“It’s entirely clear that the continuity between Jerusalem and Maaleh Adumim will be a built-up continuity,” he said at the time. “In my view, there is an absolute consensus in Israel on this issue.” But stepping down from the premiership in 2009 gave him a convenient escape hatch from his commitment.


Despite the lack of much building in E1, Israel has created facts on the ground. In 2008, Israel constructed a multi-storied police headquarters in the area, ostensibly to crack down on illegal Palestinian building in the area but more likely as a symbol of possession. Israel also invested millions of dollars building a road from north to south through E1 as an answer to Palestinian objections that E1 would cut off Ramallah in the north of E1 from Bethlehem in the south. This unused highway has a high wall in the middle that may one day divide Palestinian motorists using it to travel from Ramallah to Bethlehem without checkpoints from Israelis using it to reach Maaleh Adumim or Yerushalayim. Israel has also made attempts to remove the Bedouin living in the area and tear down local Palestinian’s homes.


Palestinians and Israelis regard E1 as key to their competing aspirations for Yerushalayim. If the current attempt to resuscitate the E1 project prevails it may be a death knell to the peace process and leave Israel in control of a united, secure Yerushalayim. If it fails, Yerushalayim may end up surrounded by hostile Arab neighborhoods on three sides as it was before the Six Day War.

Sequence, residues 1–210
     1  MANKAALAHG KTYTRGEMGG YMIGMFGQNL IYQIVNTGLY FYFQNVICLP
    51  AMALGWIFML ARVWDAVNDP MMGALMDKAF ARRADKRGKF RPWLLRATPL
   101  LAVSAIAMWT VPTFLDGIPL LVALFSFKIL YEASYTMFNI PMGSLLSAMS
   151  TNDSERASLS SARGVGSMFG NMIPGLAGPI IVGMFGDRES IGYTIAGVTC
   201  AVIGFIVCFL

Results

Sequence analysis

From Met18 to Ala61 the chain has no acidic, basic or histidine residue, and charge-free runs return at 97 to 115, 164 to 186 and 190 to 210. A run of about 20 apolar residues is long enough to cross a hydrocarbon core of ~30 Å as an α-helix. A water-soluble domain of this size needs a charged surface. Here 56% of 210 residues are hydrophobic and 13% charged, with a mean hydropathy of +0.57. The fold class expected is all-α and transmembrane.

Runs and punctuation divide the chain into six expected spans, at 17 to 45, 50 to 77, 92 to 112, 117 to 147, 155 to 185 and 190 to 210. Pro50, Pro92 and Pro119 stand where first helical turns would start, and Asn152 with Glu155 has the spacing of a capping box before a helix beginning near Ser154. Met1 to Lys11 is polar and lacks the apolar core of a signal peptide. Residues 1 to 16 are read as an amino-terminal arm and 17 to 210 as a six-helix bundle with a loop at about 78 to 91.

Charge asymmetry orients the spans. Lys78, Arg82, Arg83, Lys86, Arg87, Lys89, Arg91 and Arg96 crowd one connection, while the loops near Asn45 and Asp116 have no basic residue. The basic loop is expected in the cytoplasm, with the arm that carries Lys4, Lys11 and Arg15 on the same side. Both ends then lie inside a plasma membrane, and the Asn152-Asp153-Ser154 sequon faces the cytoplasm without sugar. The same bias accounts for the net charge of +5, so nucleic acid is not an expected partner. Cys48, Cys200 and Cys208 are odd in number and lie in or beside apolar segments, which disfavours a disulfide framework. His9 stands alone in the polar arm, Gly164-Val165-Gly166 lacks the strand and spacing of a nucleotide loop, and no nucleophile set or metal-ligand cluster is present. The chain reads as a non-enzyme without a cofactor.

Besides bringing the E1 project back to life, Israel also announced the approval of 3,000 new housing units in East Yerushalayim and the West Bank. This is part of recent plans for the biggest enlargement of housing in Yerushalayim since the 70s. In addition, Israel issued tenders for 2,366 new housing units in Yerushalayim during the past year, more than the total number of units built there in the past three years. Late in November, Israel wanted to grant the final approval to build 2,610 units in Givat Matos, a new neighborhood south of Yerushalayim that is planned to have 4,000 homes and 1,000 hotel rooms. The approval was scuttled because of international pressure.


Why are these new buildings important to Israel?


Between 1948 and 1967, west Jerusalem spread over 25 square miles and had a population of 200,000 residents. Jordanian Jerusalem was about 2.5 square miles. Seventeen days after the end of the 1967 war, Israel made a dramatic decision to absorb East Jerusalem’s municipal borders. In addition, Israel added the entire area around East Jerusalem in all directions – 23 square miles– including twenty-eight Arab villages.


In 1980, Israel passed a basic law (chok yesod) that Yerushalayim is the capital of Israel in its united, indivisible borders. The international community never recognized this annexation and considers the over 200,000 Jewish residents of Yerushalayim’s new neighborhoods as West Bank settlers.


Ever since 1967, a fight has been raging between Jew and Arab to create a contiguous Yerushalayim from north to south. Since the borders were changed in 1967, 30% of the land of East Jerusalem was expropriated in which nearly 200,000 Israelis presently live. In the north, the Jews built Neveh Yaakov, Pisgat Ze’ev, and Ramat Eshkol extending towards the city center, and to the south they built Giloh and the Har Chomah neighborhood.